Banking officials gathering evidence on the Krung Thai Bank’s 12 controversial loans have found there may be grounds to file lawsuits because two or three are irregular, according to Manager Online.
But Bank of Thailand Governor MR Pridiyathorn Devakula said officials need additional evidence before taking legal action.
“We might have to wait for another two weeks to see whether there is enough evidence or not. It is not easy to sue somebody. We need time to make the judgement. We also have to determine whether the central bank would take legal action itself, or if Krung Thai Bank should go ahead and do it because it is the one that has suffered from the damage,” Pridiyathorn said.
Last year Krung Thai Bank was forced to set aside Bt10 billion in reserves to account for the 12 controversial loans worth a combined Bt46 billion. Banking authorities ordered the bank to reclassify the “sweetheart” loans as doubtful. The controversial lending affair eventually led to the removal of Viroj Nualkhair as president of the bank.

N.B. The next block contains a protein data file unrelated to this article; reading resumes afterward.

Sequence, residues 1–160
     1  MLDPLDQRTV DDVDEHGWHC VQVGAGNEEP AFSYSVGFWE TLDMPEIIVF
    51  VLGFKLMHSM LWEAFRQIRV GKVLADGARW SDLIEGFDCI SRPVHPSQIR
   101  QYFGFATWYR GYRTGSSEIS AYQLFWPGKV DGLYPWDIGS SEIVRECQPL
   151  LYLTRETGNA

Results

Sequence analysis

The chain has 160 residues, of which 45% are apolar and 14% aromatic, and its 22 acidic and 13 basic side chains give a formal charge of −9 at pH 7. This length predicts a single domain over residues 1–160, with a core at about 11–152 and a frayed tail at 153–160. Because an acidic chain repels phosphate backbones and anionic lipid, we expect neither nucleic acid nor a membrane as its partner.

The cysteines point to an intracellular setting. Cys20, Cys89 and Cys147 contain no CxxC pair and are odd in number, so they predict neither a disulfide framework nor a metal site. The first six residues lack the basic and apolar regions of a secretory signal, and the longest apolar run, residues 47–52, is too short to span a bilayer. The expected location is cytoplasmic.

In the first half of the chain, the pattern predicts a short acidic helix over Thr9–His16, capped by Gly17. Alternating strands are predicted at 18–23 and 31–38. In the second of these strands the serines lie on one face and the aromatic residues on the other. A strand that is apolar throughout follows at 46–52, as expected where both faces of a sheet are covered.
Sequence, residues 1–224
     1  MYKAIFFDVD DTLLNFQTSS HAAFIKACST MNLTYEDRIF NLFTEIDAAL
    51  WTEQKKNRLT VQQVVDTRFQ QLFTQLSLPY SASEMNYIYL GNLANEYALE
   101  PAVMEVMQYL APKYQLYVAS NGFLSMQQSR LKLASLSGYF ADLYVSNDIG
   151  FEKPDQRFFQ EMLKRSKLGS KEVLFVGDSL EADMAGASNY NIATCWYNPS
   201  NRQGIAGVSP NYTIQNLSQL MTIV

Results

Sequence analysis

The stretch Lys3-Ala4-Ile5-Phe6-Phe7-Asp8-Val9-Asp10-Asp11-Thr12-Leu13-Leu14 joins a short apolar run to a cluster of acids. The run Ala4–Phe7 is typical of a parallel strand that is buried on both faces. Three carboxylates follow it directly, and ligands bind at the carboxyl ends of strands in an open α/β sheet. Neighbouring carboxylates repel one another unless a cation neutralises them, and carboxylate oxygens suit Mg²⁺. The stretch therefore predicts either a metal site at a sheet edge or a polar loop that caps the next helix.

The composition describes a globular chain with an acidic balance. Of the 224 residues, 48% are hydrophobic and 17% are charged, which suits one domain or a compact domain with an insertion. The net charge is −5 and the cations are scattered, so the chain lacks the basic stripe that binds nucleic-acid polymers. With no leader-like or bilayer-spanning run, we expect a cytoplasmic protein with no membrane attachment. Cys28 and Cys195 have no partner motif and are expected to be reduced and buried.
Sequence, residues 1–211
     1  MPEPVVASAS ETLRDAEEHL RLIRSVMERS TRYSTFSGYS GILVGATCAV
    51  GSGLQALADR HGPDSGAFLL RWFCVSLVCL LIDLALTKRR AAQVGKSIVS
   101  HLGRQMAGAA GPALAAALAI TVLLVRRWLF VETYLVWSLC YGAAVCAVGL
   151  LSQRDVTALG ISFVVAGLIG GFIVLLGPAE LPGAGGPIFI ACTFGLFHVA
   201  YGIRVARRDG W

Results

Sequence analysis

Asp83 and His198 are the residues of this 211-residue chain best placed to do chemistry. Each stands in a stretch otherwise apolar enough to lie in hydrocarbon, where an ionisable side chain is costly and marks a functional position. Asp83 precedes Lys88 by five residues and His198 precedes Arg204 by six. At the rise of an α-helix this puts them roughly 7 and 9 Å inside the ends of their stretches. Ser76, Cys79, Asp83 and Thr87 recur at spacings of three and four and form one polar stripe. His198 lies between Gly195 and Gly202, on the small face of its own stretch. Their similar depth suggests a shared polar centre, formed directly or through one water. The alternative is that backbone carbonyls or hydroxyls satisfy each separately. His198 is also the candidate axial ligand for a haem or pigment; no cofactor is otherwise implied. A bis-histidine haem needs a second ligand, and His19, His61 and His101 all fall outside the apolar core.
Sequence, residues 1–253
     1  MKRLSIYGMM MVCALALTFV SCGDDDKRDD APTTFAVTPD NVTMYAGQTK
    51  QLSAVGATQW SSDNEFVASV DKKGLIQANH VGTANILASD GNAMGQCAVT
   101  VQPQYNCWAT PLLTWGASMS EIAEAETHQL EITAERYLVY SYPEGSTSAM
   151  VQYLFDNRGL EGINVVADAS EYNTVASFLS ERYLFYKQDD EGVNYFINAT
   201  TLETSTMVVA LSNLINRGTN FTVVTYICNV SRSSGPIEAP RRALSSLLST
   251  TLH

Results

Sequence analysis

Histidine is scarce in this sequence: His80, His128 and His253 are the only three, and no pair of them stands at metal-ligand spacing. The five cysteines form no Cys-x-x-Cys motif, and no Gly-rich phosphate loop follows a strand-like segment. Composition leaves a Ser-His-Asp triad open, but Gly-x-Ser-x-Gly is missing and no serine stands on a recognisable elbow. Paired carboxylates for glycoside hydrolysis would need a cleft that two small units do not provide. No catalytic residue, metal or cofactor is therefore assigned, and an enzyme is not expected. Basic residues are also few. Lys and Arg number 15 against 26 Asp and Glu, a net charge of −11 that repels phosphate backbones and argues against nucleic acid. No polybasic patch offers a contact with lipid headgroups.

The loans were approved during the tenure of the bank’s prior executive board, led by Suchai Jaovisidha.
Central bank legal officials have submitted two or three cases that might have grounds for further litigation, Pridiyathorn said.
Suchai yesterday defended his role in the Krung Thai Bank lending affair by saying he is unperturbed by news reports.
“The central bank is doing its job. If they ask me to clarify, then I’ll go to clarify because I did not do anything wrong,” he said.
“There are five members on the executive board of KTB. Anything that was approved all came from these five members.”
The former executive board of Krung Thai Bank included Suchai, Viroj, Matchima Kunchorn Na Ayudha, Uttama Savanayon and Chainarong Indrameesap.
Chaiyawat Wibulswasdi is the chairman of the present executive board. Other members are Apisak Tantiworawong and Ratt Panichphand. Uttama and Chainarong retained their jobs when the new board was formed.
Sources said it the central bank was likely to file suits against officials involved in the loans.
Tarisa Watanagase, deputy governor of the central bank, said the BOT’s legal department would have to determine whether there are grounds for litigation.
Published on January 25, 2005